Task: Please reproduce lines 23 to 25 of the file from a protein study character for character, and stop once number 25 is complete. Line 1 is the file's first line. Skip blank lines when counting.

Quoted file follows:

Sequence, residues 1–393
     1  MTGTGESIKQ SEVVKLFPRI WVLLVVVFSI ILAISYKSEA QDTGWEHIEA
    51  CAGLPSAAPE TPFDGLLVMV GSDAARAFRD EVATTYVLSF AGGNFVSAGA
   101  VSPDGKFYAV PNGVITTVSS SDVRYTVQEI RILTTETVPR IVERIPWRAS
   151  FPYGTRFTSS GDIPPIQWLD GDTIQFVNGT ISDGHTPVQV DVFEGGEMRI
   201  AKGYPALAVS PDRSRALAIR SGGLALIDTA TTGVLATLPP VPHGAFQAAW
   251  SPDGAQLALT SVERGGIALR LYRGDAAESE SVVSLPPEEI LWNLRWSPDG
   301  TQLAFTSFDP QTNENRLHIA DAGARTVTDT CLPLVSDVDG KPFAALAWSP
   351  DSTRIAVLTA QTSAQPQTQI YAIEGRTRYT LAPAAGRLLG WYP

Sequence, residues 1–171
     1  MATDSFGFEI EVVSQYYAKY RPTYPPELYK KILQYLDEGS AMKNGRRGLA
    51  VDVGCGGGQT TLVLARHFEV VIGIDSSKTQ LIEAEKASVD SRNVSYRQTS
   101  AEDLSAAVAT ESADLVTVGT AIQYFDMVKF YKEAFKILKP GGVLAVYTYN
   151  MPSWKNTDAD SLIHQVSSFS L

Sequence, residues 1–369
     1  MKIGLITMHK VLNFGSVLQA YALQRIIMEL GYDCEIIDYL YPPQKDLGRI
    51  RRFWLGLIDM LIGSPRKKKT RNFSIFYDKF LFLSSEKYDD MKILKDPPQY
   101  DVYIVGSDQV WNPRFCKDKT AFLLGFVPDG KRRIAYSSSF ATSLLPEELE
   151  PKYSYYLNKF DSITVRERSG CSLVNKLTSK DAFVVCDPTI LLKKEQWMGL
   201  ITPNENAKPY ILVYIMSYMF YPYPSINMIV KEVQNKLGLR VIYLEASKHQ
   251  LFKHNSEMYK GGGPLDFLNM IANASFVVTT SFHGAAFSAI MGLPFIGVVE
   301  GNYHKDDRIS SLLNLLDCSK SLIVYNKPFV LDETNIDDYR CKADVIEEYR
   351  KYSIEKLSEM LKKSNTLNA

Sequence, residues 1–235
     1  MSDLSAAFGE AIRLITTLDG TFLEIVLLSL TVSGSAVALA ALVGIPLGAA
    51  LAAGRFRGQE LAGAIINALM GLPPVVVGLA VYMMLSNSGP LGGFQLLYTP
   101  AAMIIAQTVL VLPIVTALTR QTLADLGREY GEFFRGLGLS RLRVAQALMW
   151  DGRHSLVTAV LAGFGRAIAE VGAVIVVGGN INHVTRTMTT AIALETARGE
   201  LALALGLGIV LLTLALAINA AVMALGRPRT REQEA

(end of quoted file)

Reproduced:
   351  KYSIEKLSEM LKKSNTLNA

Sequence, residues 1–235
     1  MSDLSAAFGE AIRLITTLDG TFLEIVLLSL TVSGSAVALA ALVGIPLGAA